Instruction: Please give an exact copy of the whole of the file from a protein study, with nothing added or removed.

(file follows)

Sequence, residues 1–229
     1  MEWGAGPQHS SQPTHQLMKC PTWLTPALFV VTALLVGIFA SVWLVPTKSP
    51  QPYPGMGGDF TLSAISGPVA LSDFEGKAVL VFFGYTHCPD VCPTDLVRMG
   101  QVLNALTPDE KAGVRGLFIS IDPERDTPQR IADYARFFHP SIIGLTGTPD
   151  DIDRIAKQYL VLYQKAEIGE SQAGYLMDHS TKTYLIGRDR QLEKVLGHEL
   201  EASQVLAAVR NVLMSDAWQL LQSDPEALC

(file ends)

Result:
Sequence, residues 1–229
     1  MEWGAGPQHS SQPTHQLMKC PTWLTPALFV VTALLVGIFA SVWLVPTKSP
    51  QPYPGMGGDF TLSAISGPVA LSDFEGKAVL VFFGYTHCPD VCPTDLVRMG
   101  QVLNALTPDE KAGVRGLFIS IDPERDTPQR IADYARFFHP SIIGLTGTPD
   151  DIDRIAKQYL VLYQKAEIGE SQAGYLMDHS TKTYLIGRDR QLEKVLGHEL
   201  EASQVLAAVR NVLMSDAWQL LQSDPEALC